One of the largest construction projects is the new High-altitude Army National Guard Aviation Training Site in Gypsum. This 101,600-square-foot, graduate-level aviation schoolhouse is the only Department of Defense-approved facility that's specifically focused on teaching high-altitude power-management environmental training to military rotary-wing pilots from around the world. In addition, personnel assigned to the school are also regularly called upon to also assist local authorities in many mountain search-and-rescue missions.
The addition of the 1st Battalion 157th Infantry to the Colorado Army Guard added five new readiness centers to the state. These new facilities not only bring jobs and money into the communities, but also a new community partner: the Guard. New readiness centers have been or are being constructed in Fort Lupton, Grand Junction, Windsor, Alamosa and northern Colorado Springs.
The location for new facilities is determined by a panel of National Guard senior leaders, civic leaders, construction and facilities management personnel, and operations personnel.
"Factors for determining readiness center locations includes geographic diversity -- ensuring we're represented in each region of the state and ensuring we have resources within a short distance of anywhere in Colorado," said Kick. "In addition, we look for high trafficability -- road networks near our readiness centers. This not only ensures access for our larger vehicles, but can facilitate ease of travel to the armory for our Guardsmen."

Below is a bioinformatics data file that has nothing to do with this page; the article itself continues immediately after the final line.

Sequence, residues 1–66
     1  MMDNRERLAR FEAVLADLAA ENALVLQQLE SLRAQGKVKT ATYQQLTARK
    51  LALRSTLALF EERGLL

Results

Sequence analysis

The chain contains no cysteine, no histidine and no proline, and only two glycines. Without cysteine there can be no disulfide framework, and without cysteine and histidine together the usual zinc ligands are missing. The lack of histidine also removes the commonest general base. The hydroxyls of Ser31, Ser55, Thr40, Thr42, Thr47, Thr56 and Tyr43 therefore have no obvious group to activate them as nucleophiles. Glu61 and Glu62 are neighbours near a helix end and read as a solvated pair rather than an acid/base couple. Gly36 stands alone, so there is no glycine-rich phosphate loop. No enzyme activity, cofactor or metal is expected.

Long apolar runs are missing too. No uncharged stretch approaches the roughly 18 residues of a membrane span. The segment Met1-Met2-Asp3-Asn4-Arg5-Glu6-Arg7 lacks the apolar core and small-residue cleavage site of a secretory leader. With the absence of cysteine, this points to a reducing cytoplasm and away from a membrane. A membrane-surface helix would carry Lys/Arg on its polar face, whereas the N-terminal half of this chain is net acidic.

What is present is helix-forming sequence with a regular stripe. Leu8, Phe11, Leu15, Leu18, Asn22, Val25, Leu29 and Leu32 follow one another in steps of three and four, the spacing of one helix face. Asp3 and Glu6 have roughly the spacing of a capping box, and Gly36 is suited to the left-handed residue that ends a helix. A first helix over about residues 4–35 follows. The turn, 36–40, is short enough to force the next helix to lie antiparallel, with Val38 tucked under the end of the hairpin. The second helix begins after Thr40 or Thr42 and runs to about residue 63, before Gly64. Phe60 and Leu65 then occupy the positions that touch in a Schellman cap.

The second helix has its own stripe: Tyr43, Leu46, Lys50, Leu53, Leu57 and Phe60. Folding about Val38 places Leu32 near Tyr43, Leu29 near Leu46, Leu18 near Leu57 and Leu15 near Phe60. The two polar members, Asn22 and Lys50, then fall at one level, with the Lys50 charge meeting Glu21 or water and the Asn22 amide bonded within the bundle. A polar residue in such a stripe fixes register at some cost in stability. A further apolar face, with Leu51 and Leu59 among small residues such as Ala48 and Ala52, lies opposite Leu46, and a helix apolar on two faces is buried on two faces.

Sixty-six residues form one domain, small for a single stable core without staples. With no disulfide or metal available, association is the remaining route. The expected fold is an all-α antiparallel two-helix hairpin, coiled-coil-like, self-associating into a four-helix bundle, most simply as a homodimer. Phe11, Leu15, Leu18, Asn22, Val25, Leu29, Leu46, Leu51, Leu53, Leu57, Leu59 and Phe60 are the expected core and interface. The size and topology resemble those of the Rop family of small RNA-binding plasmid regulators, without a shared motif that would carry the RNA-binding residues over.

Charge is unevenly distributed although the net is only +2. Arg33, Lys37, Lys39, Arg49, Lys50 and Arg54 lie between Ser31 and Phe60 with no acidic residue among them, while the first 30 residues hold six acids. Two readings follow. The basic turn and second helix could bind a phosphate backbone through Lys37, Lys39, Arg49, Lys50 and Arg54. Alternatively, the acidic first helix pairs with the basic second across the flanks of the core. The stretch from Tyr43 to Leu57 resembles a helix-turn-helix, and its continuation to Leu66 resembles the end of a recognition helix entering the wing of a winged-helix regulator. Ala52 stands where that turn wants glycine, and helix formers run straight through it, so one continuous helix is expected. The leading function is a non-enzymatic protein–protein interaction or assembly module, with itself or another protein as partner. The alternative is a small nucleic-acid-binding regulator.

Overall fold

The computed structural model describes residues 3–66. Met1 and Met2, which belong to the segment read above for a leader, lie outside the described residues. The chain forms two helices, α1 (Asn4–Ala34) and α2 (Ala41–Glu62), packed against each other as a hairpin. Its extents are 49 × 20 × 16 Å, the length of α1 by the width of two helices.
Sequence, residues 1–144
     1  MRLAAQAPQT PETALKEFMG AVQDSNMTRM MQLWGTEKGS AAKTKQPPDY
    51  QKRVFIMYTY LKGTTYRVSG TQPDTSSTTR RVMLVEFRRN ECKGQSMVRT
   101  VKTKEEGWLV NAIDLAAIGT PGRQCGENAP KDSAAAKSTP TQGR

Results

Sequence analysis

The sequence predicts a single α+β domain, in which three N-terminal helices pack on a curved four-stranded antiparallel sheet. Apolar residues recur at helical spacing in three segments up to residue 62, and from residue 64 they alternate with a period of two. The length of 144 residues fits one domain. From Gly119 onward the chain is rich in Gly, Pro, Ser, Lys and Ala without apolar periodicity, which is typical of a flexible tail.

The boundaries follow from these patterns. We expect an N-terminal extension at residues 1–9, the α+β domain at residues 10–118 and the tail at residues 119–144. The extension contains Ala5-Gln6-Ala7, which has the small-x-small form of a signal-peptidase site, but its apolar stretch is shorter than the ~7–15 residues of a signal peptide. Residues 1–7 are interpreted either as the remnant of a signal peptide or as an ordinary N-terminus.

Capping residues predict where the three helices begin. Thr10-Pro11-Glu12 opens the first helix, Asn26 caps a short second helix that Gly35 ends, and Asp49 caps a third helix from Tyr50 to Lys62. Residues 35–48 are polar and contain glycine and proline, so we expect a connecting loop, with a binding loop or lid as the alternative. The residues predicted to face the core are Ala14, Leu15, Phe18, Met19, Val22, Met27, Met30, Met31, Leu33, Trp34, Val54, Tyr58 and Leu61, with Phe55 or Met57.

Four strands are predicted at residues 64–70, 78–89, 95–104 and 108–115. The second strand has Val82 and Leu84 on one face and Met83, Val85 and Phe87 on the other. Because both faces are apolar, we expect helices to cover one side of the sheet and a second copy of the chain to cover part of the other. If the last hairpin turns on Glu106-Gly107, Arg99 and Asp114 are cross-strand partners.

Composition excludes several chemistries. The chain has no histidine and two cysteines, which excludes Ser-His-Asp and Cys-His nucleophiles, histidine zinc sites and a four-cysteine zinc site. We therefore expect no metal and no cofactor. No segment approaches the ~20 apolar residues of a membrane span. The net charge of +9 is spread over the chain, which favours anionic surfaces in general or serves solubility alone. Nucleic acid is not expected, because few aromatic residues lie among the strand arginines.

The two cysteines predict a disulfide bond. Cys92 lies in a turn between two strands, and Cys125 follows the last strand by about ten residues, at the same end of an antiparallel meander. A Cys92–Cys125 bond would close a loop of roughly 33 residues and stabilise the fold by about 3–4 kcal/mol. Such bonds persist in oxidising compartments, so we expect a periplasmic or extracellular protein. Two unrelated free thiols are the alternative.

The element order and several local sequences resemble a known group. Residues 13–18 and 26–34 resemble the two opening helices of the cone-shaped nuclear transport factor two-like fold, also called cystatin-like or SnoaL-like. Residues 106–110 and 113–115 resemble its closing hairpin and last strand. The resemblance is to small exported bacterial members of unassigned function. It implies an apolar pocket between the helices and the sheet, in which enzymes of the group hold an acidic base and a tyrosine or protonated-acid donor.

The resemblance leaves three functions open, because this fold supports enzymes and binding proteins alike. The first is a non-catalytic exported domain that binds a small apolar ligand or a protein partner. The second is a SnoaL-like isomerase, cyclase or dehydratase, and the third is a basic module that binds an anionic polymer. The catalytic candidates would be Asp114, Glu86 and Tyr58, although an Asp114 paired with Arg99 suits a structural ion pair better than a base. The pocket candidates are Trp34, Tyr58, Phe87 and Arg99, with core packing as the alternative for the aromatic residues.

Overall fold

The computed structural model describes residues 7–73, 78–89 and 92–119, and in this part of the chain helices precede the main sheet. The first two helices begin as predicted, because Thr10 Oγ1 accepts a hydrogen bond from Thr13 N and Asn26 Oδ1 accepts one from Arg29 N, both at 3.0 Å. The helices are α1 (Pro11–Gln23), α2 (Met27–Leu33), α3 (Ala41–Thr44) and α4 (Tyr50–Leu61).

The newest facility is the Windsor Readiness Center, a 30,715-square-foot facility that is the home of approximately 130 Soldiers of the 1157th Forward Support Company of the 1st Battalion, 157th Infantry.
"The Army National Guard is thrilled to be welcomed into the Windsor community and to have a state-of-the-art facility from which we can support the citizens of northeastern Colorado," said Bob Datson, design and project management branch chief. "The building incorporates sustainable materials, geothermal wells, photo-voltaic panels and a drought-tolerant landscape. The U.S. Green Building Council is analyzing the design for potential designation as a Leadership in Energy and Environmental Design Platinum Project. We're confident that this building will become the gateway to one of Colorado’s premier energy parks. "
The Alamosa Readiness Center, which is scheduled to be completed in September 2013, will house two 1,300-square-foot classrooms and a 4,698-square-foot assembly hall that will also be available for use by community members for local events.
"In addition to the Guard’s training mission, the facility is a community resource and is available to local groups at a nominal charge," said Datson
However, the use of facilities by the communities isn't unique to Alamosa, as nearly all CONG readiness centers can be used for a nominal fee. For more information, visit the Colorado Department of Military and Veterans Affairs.
Since the militias first muster in 1636, the National Guard has been a community-based first military responder, laying to rest the concerns of devastated communities and reinforcing the motto, "always ready, always there."
Stories in this series:
Location, location, location: Colo. Guard facilities provide speed, flexible response to community
Keeping the lights on: Technicians, building managers maintain unit readiness